- Is a 15-year mortgage better than a 30-year mortgage? Like most of what we’ve discussed, the answer is “… it depends.” A 15-year mortgage means committing to higher monthly payments, but your total interest cost goes way down over the life of the loan. Does your cash flow support higher payments and does this trade-off appeal to you? You’ll be out of debt sooner, but remember that higher payments could shortchange your retirement savings or other goals. Over the long-run, you might be shooting yourself in the foot. Today’s interest rates are low, so combining a longer term, low rate mortgage with greater savings toward other goals often provides the best result. That said, becoming debt-free is very appealing to many people.
- I have a 30-year mortgage; should I make extra payments? You may desire to be debt-free sooner, but feel reluctant to commit to a 15-year mortgage with higher payments. You can work toward your goal of becoming debt free by making extra principal payments on your existing mortgage. (Generally, there are not pre-payment penalties when making extra payments, but you should confirm this). Making extra payments will shorten the life of a loan and get you out of debt sooner. You can make an extra payment each month and even modest dollar amounts can have a large effect. If you can afford it without shortchanging other savings goals, you can even pay your 30-year mortgage as if it had a 15-year term. This will get you debt-free sooner, but leaves you the flexibility to reduce monthly payments later if needed.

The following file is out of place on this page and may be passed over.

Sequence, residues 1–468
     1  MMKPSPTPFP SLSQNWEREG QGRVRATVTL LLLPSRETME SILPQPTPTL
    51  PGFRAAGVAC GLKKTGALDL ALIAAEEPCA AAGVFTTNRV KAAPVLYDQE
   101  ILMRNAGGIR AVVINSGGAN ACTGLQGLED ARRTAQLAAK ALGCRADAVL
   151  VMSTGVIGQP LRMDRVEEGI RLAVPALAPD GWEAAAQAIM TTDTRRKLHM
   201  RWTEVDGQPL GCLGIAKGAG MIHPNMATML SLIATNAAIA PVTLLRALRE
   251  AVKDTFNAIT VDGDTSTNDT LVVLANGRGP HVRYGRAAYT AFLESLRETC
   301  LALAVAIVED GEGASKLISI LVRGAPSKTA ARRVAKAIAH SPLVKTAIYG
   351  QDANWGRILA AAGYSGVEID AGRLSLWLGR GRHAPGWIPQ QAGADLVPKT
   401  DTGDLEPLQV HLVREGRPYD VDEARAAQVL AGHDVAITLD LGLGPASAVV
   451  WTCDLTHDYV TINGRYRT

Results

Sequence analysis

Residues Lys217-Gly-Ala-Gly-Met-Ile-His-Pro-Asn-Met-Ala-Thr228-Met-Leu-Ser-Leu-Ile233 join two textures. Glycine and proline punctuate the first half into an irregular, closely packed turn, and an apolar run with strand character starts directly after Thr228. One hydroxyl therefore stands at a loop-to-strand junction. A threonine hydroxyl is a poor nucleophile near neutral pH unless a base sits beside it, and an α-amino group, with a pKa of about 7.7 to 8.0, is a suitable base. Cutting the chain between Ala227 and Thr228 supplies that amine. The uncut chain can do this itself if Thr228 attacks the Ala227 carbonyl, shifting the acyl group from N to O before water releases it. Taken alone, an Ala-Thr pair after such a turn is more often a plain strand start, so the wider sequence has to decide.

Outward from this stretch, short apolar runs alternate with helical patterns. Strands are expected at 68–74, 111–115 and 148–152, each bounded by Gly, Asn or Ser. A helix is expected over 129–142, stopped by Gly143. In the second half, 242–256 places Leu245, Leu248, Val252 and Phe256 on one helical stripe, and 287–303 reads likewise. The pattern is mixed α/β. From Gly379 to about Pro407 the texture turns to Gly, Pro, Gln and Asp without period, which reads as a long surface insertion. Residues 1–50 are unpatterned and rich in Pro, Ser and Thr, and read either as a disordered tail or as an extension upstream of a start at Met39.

- What about an adjustable rate mortgage (ARM)? ARMs offer a lower interest rate than fixed rate mortgages, but the rates can adjust (higher or lower) after some period, usually ranging from 3-10 years. ARMs may be a good option if you don’t plan on staying in the same home for a long time. There’s more risk with an ARM since your interest rate (and monthly payment) can rise, but it can save significant money in the right situation.
What’s my next step?
Does it make sense to refinance? It is a short question with what can be a long answer. There’s quite a bit to consider. You should approach this diligently so you finish the process with the confidence that you have made a well-reasoned decision. We suggest you approach this systematically:
- Consider the examples mentioned above to confirm in your mind that you are a good candidate to spend some time on this.
- Assemble the current details on your existing mortgage. This would include the payoff balance, the monthly principal and interest payment, the interest rate, and the number of payments remaining. You should also have at least a ballpark idea on the market value of your home since this affects the evaluation of any new mortgage offer.
- Obtain guidance from a credible mortgage broker regarding what alternatives might be available to you as refinancing options. This will include rates, monthly payments, and terms. A reliable mortgage banker should not be captive to a single source of funds and should have access to a variety of funding sources to get competitive quotes.
Once you have your information assembled, you should lay out the payment obligations side-by-side in spreadsheet fashion. If you do not feel comfortable doing this on your own, seek the help of a financial advisor who will serve you as a fiduciary. In other words, someone other than the mortgage banker should help you make your final decision on what is in your best interest.
The comparison can be a quick conversation, but in other cases it may require some sophisticated number-crunching. Either way, you should invest the time required to make a confident decision about refinancing.
To learn more about Harold Williams, view his Paladin Registry research report.